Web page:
(WXYZ) - Attorneys continue to open their cases in the Detroit bankruptcy trial. They have presented their opening arguments and now testimony will begin.
7 Action News Investigator Jim Kiertzner is live blogging the case from federal court.
You can read his updates below.
CFO John Hill spent the rest of Thursday on the witness stand. Under cross examination by Syncora Attorney Douglas Smith, Hill was questioned about increasing Detroit tax collections and finding other revenue for the city.
Syncora is a creditor getting only 10 cents on the dollar and stands to lose hundreds of millions of dollars in Detroit's case. They are challenging Detroit's Plan confirmation.
The trial will resume Friday morning.
Court has taken a recess until 3:30 when Hill will be cross examined by objectors to Plan of Adjustment.
Just seconds ago, Detroit Mayor Mike Duggan and City Council President Brenda Jones walked through the hall next to our media room.
Several of us (reporters) rush to pounce and get him to talk with us. NO COMMENT.
Mayor says he has been reading our blog to keep up.Woo hoo! Mayor will be an obvious key witness later in the bankruptcy trial.
John Hill, Detroit CFO is continuing his testimony, outlining how the city will reinvest $1.7 billion over 10 years.
The breakdown includes:
- $420 million on blight
- $87 million fire
- $33 million police
- $51.4 million transportation
Obviously, this does not add up to the full amount, but are the numbers as they stand early on in the 10 year time span.
Hill also says the city will have $358 million in cost savings while improving city services.
Feasibility of the Plan of Adjustment will be an important element for Judge Steven Rhodes. He told Hill before the lunch break to make sure Hill understood how the Plan would be implemented.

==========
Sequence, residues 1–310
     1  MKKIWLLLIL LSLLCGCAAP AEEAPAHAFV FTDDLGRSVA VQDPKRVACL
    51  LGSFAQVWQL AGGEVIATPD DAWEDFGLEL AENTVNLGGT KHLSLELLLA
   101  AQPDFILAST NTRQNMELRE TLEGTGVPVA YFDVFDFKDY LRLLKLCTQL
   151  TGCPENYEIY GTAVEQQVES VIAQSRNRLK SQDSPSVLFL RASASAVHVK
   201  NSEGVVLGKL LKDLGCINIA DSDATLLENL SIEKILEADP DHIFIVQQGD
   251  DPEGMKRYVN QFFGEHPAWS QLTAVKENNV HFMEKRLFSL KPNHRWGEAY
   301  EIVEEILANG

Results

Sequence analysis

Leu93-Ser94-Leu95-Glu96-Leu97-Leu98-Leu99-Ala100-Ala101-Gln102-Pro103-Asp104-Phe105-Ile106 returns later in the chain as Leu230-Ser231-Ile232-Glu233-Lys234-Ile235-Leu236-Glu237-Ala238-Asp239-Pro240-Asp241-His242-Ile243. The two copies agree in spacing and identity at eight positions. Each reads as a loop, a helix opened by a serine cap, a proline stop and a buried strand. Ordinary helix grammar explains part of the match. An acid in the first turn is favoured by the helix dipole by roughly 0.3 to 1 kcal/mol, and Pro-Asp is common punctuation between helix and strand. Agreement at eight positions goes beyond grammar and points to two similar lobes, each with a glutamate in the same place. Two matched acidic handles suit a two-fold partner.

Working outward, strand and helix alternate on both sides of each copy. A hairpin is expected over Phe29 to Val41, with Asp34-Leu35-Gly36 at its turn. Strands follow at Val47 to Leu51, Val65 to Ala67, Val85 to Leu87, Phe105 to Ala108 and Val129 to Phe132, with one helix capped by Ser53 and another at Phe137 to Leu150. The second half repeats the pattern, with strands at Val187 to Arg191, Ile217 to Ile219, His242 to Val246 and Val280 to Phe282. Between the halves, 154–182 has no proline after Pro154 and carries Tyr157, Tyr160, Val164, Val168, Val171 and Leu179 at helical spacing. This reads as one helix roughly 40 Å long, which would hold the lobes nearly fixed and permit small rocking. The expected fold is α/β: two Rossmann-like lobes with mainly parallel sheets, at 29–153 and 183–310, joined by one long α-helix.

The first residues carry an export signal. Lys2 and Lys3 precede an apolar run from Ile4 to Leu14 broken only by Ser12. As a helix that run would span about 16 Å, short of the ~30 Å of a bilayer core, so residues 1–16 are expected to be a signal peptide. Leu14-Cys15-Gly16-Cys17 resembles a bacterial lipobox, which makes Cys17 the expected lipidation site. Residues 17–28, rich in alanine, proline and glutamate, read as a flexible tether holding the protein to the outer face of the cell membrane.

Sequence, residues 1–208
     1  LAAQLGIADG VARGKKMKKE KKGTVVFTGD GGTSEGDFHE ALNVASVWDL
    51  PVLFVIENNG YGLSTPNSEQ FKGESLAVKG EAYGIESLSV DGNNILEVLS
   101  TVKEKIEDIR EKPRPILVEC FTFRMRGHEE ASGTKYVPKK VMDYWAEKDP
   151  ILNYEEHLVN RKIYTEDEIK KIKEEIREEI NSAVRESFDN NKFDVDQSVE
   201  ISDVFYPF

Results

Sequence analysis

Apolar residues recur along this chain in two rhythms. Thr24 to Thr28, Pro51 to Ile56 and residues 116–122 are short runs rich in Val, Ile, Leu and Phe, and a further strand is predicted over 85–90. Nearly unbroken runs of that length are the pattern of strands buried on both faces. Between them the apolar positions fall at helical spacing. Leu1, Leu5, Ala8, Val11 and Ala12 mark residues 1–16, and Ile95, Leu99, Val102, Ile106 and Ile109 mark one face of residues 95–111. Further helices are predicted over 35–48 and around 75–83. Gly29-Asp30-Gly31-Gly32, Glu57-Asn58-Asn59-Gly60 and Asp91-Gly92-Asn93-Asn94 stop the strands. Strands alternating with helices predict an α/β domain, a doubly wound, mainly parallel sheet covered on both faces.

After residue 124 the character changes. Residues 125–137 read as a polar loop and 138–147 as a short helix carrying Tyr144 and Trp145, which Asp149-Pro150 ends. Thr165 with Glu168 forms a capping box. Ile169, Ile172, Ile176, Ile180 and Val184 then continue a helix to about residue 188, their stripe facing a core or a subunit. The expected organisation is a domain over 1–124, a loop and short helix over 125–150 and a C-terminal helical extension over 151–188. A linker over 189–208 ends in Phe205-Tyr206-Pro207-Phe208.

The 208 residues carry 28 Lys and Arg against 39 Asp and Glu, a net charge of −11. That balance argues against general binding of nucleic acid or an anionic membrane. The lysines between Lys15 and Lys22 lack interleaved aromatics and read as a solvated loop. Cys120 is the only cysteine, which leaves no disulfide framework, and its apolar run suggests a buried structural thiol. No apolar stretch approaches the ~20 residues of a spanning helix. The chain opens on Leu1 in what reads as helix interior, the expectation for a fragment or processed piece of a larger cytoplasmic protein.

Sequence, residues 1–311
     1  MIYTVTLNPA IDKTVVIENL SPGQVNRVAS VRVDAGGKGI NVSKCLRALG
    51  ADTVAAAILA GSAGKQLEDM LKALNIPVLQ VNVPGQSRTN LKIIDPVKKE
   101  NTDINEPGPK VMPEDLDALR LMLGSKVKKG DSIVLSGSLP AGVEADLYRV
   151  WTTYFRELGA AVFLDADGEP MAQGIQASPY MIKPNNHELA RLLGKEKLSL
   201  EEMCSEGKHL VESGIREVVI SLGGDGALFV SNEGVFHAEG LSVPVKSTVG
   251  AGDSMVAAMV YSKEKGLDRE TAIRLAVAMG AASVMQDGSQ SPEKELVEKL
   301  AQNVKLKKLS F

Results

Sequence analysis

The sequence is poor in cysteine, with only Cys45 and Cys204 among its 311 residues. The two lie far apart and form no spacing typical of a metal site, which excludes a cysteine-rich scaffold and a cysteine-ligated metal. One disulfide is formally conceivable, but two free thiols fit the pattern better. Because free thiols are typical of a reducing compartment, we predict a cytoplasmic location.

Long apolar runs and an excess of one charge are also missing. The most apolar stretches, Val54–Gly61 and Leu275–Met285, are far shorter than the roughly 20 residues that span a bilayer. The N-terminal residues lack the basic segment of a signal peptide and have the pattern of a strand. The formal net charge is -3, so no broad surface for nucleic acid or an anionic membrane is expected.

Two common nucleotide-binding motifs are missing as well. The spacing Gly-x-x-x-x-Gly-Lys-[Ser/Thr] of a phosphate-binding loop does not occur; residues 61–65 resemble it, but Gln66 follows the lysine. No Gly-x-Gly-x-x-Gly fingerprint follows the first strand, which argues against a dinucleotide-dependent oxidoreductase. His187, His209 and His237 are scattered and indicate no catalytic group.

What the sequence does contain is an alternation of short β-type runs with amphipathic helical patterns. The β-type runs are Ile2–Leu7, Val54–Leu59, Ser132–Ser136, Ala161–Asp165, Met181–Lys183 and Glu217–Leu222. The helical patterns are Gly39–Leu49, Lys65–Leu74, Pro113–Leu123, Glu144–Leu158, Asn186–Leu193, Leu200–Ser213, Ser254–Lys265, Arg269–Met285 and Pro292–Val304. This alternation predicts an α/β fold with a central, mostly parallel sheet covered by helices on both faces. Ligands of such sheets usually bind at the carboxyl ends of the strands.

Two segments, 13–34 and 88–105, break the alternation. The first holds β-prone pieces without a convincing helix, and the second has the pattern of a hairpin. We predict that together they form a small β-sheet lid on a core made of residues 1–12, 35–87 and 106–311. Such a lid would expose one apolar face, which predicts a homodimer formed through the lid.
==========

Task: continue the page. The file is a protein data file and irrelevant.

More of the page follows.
Hill testified that Detroit had the Oracle Dream system for accounting and "most refer to it as nightmares" and people in court laughed. He says they are fast-tracking a new accounting system that should be in place by the end of this month. He called Detroit accounting "very, very poor." Hill also said management of grant money was "abysmal."
Hill testified that the HR department was very bad when he came in. "It still has a lot of work to do," Hill testified. He is overseeing a new organization of HR. He is using some consultants for this. They are doing a catalog of issues and going over these with the Mayor, who can decide to move forward and use the consultants to help restructure other departments beyond HR.
Hill says he reports directly to Emergency Manager Kevyn Orr, but has a "dotted line" to Mayor Duggan to inform him - but the Mayor has no control over what's being done. The Mayor is part of the "quality of life" issues moving forward.
About the future after EM Orr is done, Mayor Duggan asked Hill if he's bought a house yet? Hill says he's not a "house" person, but a "condo downtown" person. Hill says he'd like to stay to see projects completed, "two years or so."
The CFO reports directly to Mayor but the CFO does not have authority to reduce spending or other power as in DC, which has AAA bond rating now - better than federal government.
Mayor has said he will not interfere, allow Hill to run finances independently, not have another deficit.
First witness is John Hill, CFO for City of Detroit. He is from Washington, D. C. and served 4 years as executive director of the DC Control Board handling a financial crisis in the district. He also worked for The General Accounting Office in the federal government.
His chief responsibility at DC Control Board was forecasting revenue. He then went to work for Arthur Anderson Accounting in a local government capacity. He then started his own company, J. Hill Group. He is on the board of two corporations where is on audit and finance committees.